RMS Advises How To Weather Scrutiny By A.M. Best

February 11, 2009

Following a major announcement that A.M. Best will be probing deeper into companies’ data quality to assess their risk management processes and the credibility of modeled losses, Newark, Calif.-based Risk Management Solutions (RMS) revealed strategies to help clients prepare for the increased scrutiny.

Based on its work with portfolios totaling some $25 trillion in insured value for natural catastrophes, RMS said it has shown that it is vital to address both the completeness and accuracy of exposure data. By making data quality improvements to portfolios, RMS has seen model losses change by as much as 30%percent, with more dramatic changes for individual accounts, which has important implications for risk selection, pricing, and overall risk management.

The analysis of factors significantly impacting modeled losses is based on the RMS ExposureRefine service, which provides a way to measure, monitor, and benchmark data quality. Twenty-one earthquake portfolios totaling $612 billion in exposed limit (or more than $8 trillion in total insured value), and 18 hurricane portfolios amounting to more than $1 trillion in exposed limit (or nearly $17 trillion in insured value) were assessed.

Among the strategies RMS said can be employed to both improve the quality of data and prepare companies for the additional questions they will have to answer in the A.M. Best 2008 Supplemental Rating Questionnaire from April this year are:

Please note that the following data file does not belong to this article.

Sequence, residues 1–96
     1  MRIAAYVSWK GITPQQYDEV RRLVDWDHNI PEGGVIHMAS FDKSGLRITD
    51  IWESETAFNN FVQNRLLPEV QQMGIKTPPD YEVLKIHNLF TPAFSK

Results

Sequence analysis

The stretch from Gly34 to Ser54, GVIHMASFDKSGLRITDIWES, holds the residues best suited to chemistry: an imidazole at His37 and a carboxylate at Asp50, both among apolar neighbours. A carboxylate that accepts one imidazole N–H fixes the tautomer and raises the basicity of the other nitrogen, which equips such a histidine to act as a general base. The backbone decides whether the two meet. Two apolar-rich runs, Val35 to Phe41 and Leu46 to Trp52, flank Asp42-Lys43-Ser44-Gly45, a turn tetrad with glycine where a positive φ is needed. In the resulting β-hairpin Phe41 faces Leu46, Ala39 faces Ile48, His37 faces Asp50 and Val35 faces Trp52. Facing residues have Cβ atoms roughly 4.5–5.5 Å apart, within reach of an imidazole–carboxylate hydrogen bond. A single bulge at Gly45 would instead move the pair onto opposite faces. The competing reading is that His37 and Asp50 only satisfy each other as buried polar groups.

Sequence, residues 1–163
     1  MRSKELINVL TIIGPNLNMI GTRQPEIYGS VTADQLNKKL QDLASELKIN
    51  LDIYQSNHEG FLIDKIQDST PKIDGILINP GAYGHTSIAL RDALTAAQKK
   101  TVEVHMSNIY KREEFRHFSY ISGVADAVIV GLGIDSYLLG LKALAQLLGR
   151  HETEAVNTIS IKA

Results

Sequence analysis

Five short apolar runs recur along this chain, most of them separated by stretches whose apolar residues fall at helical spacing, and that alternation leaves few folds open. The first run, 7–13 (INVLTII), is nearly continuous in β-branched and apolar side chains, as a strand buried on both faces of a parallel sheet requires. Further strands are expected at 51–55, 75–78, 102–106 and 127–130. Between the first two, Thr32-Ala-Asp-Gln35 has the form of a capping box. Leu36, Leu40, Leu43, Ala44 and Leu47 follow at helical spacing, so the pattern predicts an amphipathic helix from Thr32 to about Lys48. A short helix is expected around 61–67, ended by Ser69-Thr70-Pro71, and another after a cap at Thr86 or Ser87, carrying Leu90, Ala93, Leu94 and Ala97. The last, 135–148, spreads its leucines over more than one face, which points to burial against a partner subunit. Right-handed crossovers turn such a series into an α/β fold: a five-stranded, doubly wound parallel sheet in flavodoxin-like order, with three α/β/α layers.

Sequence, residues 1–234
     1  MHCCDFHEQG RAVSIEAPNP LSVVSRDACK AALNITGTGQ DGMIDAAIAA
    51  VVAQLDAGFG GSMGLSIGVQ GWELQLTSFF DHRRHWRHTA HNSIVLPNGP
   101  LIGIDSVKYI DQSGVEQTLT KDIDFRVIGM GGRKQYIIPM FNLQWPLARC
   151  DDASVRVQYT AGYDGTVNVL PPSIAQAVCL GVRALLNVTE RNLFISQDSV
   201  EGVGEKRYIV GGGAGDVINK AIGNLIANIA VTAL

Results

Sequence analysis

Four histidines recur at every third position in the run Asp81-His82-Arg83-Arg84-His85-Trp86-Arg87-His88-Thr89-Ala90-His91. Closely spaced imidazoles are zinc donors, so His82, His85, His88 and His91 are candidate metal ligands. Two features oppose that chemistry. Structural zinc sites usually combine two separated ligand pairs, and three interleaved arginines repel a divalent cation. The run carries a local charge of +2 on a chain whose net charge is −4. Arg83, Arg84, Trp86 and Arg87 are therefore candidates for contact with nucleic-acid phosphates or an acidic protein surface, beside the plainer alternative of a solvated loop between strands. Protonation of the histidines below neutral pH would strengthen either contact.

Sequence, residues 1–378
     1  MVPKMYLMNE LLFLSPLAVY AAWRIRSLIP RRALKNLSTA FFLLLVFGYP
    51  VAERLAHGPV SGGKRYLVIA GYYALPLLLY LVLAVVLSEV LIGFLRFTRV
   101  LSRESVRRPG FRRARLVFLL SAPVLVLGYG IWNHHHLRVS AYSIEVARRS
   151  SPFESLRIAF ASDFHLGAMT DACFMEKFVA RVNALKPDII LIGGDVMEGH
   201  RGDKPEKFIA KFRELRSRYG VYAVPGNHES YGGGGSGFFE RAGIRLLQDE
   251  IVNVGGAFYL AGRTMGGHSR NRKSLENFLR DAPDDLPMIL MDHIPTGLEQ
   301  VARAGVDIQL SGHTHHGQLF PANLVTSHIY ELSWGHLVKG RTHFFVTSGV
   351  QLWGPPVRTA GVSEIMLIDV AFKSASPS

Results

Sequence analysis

-Using metrics for assessing data completeness that uncover data quality issues where they matter most. For example, a location that is geocoded at the ZIP code level in a coastal area exposed to hurricanes is of greater data quality concern than one that is inland. Use of the more basic approaches can create a false sense of security.

-Rectifying systematic issues related to missing, inaccurate, and bulk coded data that lead to significant inaccuracies in model results. Making these changes often provides the best cost-benefit for data improvement efforts.

-Information used as part of the underwriting process is available but often not included in the catastrophe modeling. Missing data can potentially create a large range in loss results.

-Where multiple systems are used for capturing data, underwriting, and/or modeling, there is greater potential for process errors, which can be easily fixed once identified.

-While using coding assumptions or bulk coding can be valid, the results need to be fully audited because errors can lead to significant inaccuracies and bias model outputs.

“Companies are facing pressure from multiple angles, with balance sheets being hit and increased scrutiny over risk management processes from analysts. This means that robust data quality can no longer be viewed as a ‘nice to have’; it’s a basic necessity to remain competitive,” said Ajay Lavakare, senior vice president and managing director of data solutions at RMS.

“With the right analytics and databases, organizations can tighten up their processes and ensure their data is both complete and accurate and, crucially, focus on improving their data quality where it matters most.”

The new questions in the A.M. Best 2008 P&C Supplemental Rating Questionnaire (SRQ) due on April 1, 2009 can be found at http://www.ambest.com/ratings/methodology/srq2008.PDF.

For more information, visit www.rms.com.

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